I'd gather that I probably saw Freedy Johnston about ten times in the 90s. From First Avenue in Minneapolis to stops all over the East Coast, he was one of my favorites of that time. I was hooked on Can You Fly (1992), This Perfect World (1994) and Never Home (1997). And I still play those records regularly. Add in the grossly under-appreciated Right Between the Promises (2001) (which was my favorite record of that year) and this year's Rain on the City, and Freedy has amassed an enormous library of great songs. As far as straightforward singer-songwriters go, he truly is one of the best of the past two decades.

In the past decade, I've only seen Freedy maybe once or twice prior to tonight. If you take a look at his discography, that should come as little surprise. It's been nine years since Freedy has released a record of new material. It's been a quiet decade, to put it mildly. Knowing this, I wasn't sure what to expect tonight. I've been loving his new record, but man, he's been away for a while.

When he took the stage just after 730, he actually looked slightly nervous. After a few quick quips, he started into not only one of my favorite Freedy songs, but one of my favorite songs, "The Lucky One." It was perfect. And the night took off from there. The room began to fill as he moved through his first few songs and the crowd was incredibly appreciative. Requests abound, loud applause and back-and-forth banter that had the whole room in a pretty joyous mood. Freedy's expressions made it pretty clear that this show was somewhat special. And boy did he deliver. He has such a mountain of great songs that it would have been impossible to please everyone, but what a set he gave us: "Evie's Tears," "Don't Fall In Love With a Lonely Girl," "Responsible," "This Perfect World," "California Thing," Jimmy Webb's "Wichita Lineman," "The Mortician's Daughter," "Dolores," "Bad Reputation," a gorgeous take on the new record's title track to close the show, and a few I'm missing. I can't remember the last time I saw a merch table at Cafe du Nord so jammed after a set.

N and I left the joint feeling pretty damn good. I didn't get my favorite Freedy song, "I Can Hear the Laughs," but if tonight's any indication, it can't be long before I get another chance.

I Now Think It Will Happen


Exile on Main Street

Is Exile on Main Street the greatest record ever? It just might be. I'm not sure I can think of a record in my collection that so masterfully mixes rock, soul, blues and just about every passion and emotion that encompasses what makes music drive us. When considering the records that traditionally fall into the "greatest ever" camp, there's The Beach Boys' Pet Sounds, The Beatles' Revolver, The Clash's London Calling, Springsteen's Born To Run, Dylan's Highway 61 Revisited and a bunch of others (Marquee Moon).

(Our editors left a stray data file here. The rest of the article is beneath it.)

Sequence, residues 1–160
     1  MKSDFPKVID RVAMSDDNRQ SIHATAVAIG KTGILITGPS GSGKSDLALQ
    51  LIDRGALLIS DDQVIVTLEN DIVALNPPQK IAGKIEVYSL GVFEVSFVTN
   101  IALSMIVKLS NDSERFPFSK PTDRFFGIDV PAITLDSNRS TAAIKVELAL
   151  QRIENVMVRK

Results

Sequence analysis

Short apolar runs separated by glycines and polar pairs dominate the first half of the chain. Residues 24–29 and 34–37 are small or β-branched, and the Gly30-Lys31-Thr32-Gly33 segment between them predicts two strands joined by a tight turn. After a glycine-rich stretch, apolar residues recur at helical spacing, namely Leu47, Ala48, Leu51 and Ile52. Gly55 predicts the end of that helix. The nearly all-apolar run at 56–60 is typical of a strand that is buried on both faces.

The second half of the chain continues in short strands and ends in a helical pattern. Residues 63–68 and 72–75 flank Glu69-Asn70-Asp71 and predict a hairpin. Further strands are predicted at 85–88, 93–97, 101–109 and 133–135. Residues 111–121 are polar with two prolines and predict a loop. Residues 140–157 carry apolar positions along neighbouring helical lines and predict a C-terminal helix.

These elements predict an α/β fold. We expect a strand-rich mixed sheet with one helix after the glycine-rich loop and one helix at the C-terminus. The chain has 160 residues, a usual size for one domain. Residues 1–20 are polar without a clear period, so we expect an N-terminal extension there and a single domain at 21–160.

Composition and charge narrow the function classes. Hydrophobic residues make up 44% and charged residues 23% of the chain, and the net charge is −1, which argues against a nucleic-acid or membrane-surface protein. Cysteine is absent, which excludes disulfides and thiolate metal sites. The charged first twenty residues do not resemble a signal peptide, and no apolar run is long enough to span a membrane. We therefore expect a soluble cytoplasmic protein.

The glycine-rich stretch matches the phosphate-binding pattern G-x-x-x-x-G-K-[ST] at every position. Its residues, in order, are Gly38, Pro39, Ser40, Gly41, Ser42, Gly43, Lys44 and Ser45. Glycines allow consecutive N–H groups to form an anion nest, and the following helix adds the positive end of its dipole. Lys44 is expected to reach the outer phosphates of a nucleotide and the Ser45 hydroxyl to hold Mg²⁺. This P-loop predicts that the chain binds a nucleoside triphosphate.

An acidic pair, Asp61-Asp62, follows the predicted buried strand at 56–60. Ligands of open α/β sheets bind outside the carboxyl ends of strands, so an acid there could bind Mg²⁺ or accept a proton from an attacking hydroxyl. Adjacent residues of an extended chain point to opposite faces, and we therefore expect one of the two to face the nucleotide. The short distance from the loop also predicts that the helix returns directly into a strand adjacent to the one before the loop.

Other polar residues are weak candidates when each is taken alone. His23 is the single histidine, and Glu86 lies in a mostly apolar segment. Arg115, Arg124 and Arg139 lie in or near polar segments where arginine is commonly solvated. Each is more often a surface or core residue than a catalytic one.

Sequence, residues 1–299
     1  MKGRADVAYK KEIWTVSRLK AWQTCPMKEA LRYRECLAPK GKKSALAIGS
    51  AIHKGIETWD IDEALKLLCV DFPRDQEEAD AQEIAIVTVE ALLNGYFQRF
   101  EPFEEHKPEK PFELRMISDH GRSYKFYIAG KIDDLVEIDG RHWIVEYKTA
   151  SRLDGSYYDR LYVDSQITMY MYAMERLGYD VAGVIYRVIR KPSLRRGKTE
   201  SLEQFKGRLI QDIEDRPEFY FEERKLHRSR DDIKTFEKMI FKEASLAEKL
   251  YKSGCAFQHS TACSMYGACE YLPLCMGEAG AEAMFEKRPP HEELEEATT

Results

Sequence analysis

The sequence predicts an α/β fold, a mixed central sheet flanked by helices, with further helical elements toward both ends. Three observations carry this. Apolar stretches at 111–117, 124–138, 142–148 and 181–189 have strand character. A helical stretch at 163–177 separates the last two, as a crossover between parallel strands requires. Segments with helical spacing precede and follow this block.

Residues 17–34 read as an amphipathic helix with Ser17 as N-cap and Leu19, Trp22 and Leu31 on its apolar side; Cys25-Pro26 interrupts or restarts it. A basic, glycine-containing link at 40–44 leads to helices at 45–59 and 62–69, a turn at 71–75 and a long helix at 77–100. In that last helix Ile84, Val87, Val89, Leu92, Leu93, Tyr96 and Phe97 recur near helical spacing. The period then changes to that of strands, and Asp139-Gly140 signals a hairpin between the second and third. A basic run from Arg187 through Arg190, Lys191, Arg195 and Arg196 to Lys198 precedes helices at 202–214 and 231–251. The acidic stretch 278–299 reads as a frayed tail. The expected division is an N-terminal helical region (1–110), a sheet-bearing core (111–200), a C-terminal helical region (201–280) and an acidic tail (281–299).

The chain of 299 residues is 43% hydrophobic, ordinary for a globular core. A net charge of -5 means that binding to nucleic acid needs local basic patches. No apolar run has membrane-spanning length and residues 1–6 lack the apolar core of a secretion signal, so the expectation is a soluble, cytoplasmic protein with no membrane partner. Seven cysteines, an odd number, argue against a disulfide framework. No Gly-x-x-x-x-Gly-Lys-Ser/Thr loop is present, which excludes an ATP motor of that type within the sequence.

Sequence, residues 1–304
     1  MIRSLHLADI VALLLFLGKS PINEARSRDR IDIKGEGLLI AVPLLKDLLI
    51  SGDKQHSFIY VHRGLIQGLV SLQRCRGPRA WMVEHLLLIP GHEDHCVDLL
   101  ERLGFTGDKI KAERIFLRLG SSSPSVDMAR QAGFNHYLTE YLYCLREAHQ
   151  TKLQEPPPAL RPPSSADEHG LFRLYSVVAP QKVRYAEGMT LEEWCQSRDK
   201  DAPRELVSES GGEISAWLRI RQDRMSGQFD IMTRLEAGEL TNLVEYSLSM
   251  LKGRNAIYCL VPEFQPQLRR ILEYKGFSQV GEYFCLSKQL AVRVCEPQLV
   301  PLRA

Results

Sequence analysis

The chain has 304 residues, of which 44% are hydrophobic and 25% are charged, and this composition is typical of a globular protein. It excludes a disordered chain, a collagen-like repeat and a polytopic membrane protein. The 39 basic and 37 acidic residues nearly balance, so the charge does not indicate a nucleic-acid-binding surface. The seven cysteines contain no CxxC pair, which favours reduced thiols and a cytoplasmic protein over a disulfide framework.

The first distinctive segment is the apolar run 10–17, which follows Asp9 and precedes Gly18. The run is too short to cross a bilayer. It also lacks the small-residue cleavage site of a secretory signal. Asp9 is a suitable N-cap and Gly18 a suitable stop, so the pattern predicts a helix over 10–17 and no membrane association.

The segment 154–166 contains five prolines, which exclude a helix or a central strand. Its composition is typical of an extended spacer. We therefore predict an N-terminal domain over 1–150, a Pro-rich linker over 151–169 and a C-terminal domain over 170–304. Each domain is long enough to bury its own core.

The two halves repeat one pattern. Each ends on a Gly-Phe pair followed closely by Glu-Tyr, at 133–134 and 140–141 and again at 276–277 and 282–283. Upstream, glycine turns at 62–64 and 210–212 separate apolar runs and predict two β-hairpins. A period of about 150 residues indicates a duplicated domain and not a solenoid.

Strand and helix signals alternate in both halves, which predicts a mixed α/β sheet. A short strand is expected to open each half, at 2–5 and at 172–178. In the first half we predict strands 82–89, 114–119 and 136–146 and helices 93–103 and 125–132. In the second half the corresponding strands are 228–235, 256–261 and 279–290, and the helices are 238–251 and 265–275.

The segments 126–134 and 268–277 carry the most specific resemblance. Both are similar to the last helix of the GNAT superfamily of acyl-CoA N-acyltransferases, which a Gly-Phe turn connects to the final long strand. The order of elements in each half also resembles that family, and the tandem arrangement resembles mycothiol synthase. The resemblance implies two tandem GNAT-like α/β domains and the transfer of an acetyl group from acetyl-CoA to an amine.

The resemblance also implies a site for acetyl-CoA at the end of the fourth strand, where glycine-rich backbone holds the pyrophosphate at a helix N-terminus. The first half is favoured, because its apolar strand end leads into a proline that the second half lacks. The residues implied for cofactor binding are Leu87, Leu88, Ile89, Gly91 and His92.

If I attempt to remain as objective as possible, which clearly is impossible for me to do, for straight-ahead rock. and. roll. I would likely go with Exile. Blasting out of the gates with "Rocks Off," the full, in-your-face sound is simply astounding. I can't count the number of times I've been in the car screaming, "The sunshine bores the daylights outta me. Chasing shadows, moonlight mystery" as the horns, piano, guitar, drums and bass explode from behind. And then comes "Rip This Joint." Man. The surge of emotion can be felt from head-to-toe. "Tumbling Dice," "Sweet Virginia," "Loving Cup," "Happy," "Let It Loose," "All Down the Line" and the rest.

Next week Exile on Main Street will be re-issued in about 29 different versions (remastered / remastered box set / vinyl / with posters / with a lips t-shirt / covered in a bandana), and although I won't be picking one up (I have three vinyl copies and the CD), I will be listening all week. Unbelievably, this record, which sounds as fresh as ever, was released when I was -1.5 years old. That is simply incomprehensible. Ahead of their time? Ahead of any time.

, originally uploaded by ccsbandwagon.

Kay Lane


I was 27 when my grandmother passed away in 2001. Today would have marked her 97th birthday. The only time I've ever seen my mother cry was at her funeral. As we walked towards the church on that afternoon, I was holding my mom's arm as she remained her indomitable self. But as we made our way across the parking lot, she turned to see all of the cars arriving: sisters, nieces, nephews, in-laws, friends, and suddenly, she broke down. My mother remains not only a remarkable mom, but quite possibly my best friend. And my mother's best friend was undoubtedly her mother, Kay Lane.

I have photos of my grandmother and grandfather all over my apartment, most courtesy of my incredibly thoughtful aunt, Barbara. My grandfather, who passed away in 1977, reminds me of Woody Guthrie. I'm not really sure why; something about his looks and his way about going through life. I wish I'd gotten to know them more. Despite the passage of time, I still think of them often.

Although he's still probably only about 11 months, after adopting Bennett, I decided to give him my grandmother's birthday. As he sits at my feet with Freedy Johnston's "The Lucky One" on in the background, it's time to round him up and head off to the park, where we'll chuck the ball and celebrate his first and grandma's 97th.

Yankee Hotel Foxtrot - The Demos

Yankee Hotel Foxtrot is widely considered Wilco's masterstroke, and by many publications, one of the few classic records of the past decade. While I agree that it's a pretty remarkable artistic achievement (and this is definitely an "art" record of some sort), many of the best tracks from those sessions actually didn't make the final record. To my ears, it's "Heavy Metal Drummer" that keeps Foxtrot from being a perfect record. I know many like it, but I consider it one of Tweedy's weakest songs to date. Fun? Maybe. Suitable for this record? Not a shot.